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W.V. WOMAN’S NIGHTMARE STARTED WITH A KNOCK

SHARE W.V. WOMAN’S NIGHTMARE STARTED WITH A KNOCK

Rae M. Castro and Daryl Andrew Schlappi were sitting in their West Valley bedroom on the crisp morning of Feb. 6 - talking.

Castro was expecting their first child in about a month and things were going well.Then about 8 a.m., the unforgettable knock came at the door.

Castro said she told Schlappi, alias German, to go downstairs and get the door.

He did, and the next thing she knew, he was asking her to gather a few of his things.

Schlappi was being arrested in a California slaying that occurred in 1988.

Even though Schlappi, 29, had told Castro of the rough life on the streets of Oceanside, Calif., that included transients and drugs, he hadn't told her of the case that had stymied police for several months.

After finding William "Bones" Odom, 30, lying wounded near the San Luis Rey River in the early evening of Sept. 8, 1988, rescuers took him to a hospital. Reports indicate he was shot in the abdomen, neck, wrist and legs. He died later in surgery.

Police interviewed a variety of transients but were having a difficult time finding a consistent story about who killed Odom, said Schlappi's attorney, Terry Kolkey.

All that changed in December 1989 when Glen Dylan "Psycho" Sinaiko entered the Oceanside Police Department and confessed to the crime. Kolkey said the reason for Sinaiko's nickname is his history of going to mental institutions.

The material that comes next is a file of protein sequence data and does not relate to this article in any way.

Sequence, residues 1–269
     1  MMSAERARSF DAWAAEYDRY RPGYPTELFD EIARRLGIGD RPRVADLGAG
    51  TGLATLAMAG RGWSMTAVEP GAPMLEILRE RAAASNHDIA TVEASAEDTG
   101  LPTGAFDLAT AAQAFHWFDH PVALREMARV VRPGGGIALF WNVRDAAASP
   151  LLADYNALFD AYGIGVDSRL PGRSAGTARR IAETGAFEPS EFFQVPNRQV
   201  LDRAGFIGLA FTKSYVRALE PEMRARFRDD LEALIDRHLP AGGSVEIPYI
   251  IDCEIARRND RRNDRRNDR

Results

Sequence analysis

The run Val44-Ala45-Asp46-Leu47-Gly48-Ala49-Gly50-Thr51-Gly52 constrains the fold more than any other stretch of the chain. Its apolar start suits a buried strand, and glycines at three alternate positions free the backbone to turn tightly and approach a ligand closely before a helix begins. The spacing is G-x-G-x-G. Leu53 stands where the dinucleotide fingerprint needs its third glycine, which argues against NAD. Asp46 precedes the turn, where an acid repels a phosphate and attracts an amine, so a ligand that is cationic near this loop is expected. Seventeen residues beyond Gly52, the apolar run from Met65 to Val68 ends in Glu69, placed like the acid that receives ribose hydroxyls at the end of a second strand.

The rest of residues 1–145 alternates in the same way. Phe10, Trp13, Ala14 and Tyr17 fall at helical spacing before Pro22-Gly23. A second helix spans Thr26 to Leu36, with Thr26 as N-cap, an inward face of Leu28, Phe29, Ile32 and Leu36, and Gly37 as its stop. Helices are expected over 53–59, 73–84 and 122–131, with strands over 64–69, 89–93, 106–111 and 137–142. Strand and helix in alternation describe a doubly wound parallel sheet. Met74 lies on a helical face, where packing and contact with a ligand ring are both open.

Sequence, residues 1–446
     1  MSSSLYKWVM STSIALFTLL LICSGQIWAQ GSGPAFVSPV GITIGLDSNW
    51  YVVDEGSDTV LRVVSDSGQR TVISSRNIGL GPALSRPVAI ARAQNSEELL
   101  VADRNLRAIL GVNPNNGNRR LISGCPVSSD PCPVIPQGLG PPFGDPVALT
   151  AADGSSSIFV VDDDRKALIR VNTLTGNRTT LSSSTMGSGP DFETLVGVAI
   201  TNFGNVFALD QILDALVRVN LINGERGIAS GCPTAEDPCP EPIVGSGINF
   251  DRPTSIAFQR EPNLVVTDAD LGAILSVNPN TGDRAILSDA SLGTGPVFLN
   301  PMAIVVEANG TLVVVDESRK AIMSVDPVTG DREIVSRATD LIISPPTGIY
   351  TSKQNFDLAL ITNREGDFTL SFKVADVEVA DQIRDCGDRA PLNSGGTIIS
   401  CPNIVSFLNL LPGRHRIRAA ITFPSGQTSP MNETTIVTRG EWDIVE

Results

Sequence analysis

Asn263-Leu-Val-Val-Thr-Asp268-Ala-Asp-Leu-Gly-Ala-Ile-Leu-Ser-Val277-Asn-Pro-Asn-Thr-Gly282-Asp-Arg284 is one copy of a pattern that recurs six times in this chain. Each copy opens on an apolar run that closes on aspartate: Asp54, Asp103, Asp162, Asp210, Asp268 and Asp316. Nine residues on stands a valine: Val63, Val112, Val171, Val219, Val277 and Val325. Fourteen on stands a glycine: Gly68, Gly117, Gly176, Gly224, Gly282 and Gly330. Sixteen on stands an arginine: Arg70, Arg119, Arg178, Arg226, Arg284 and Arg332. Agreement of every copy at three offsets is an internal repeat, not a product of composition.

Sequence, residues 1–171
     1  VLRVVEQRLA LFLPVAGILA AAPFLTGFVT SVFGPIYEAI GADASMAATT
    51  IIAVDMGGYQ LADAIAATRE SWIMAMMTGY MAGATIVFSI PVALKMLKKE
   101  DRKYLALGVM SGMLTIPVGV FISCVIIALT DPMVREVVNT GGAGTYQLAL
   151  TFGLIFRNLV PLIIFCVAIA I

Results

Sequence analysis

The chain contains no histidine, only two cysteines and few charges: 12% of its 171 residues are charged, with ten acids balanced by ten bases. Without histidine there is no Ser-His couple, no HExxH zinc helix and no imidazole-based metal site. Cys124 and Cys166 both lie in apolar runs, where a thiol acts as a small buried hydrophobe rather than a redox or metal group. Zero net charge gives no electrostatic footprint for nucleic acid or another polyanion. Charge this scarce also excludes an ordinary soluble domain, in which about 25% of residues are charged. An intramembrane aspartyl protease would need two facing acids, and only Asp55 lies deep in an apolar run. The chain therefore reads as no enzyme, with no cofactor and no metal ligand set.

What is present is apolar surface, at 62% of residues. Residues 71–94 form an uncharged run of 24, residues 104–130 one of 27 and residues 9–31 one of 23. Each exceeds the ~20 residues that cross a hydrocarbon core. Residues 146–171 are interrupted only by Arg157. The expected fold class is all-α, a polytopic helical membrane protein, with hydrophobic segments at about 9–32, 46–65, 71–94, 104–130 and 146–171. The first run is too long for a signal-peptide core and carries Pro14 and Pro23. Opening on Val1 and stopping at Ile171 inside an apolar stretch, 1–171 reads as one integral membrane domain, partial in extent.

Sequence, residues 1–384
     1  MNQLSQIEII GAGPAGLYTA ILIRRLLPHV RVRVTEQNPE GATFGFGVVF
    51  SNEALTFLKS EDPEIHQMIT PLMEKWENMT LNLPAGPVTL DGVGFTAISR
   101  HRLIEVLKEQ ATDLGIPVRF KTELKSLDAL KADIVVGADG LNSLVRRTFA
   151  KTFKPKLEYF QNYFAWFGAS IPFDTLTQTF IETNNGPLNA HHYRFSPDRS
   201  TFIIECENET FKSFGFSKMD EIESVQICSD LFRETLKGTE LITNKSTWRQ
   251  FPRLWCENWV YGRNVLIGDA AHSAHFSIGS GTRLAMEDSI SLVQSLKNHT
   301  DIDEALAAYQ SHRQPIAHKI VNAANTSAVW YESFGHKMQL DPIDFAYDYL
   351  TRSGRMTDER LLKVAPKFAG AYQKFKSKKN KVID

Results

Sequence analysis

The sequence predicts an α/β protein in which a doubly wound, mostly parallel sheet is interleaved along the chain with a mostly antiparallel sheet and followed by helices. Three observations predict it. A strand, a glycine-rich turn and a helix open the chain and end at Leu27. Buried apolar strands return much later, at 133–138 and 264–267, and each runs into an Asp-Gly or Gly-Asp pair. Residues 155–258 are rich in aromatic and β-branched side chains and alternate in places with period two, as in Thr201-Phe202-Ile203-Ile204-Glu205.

Kolkey and Oceanside police indicated that the shooting was part of a drug deal that may have gone bad.

But Sinaiko's confession implicated Schlappi. He told police that he fired a non-lethal shot at Odom and then handed the gun to Schlappi. It was Schlappi who fired the shot that ultimately killed the victim, Sinaiko reportedly said.

Not knowing all this, Castro was confused by all the activity. She remembers seeing Schlappi in handcuffs and wondering why. Only the angry exhortations of a neighbor persuaded authorities to tell Castro what was going on.

Despite all that's happened, Castro still plans to marry Schlappi after he "beats this rap," as she believes he will. He's told her he plans to adopt two of her children. She strongly believes he is innocent.

The case is scheduled to go to trial on July 24.

Sinaiko, 29, pleaded guilty to second-degree murder on May 17. Sentencing is scheduled for Aug. 15.

Castro, for her part, waits - for calls, letters and the ultimate results of the case. She plans to go to the trial. She is living in West Valley City and working for a trucking company there.

Her health has suffered. In a series of sad coincidences, she missed each of the judicial proceedings that led to extradition from Utah.

On the day of the hearing, she was in a car accident. On the day Schlappi was taken out of the state, a fellow inmate left a message for her, but she didn't get it before Schlappi was out of state.

And, worst of all, on March 30, she delivered their daughter, Charisa, alone. "It wasn't easy," she says.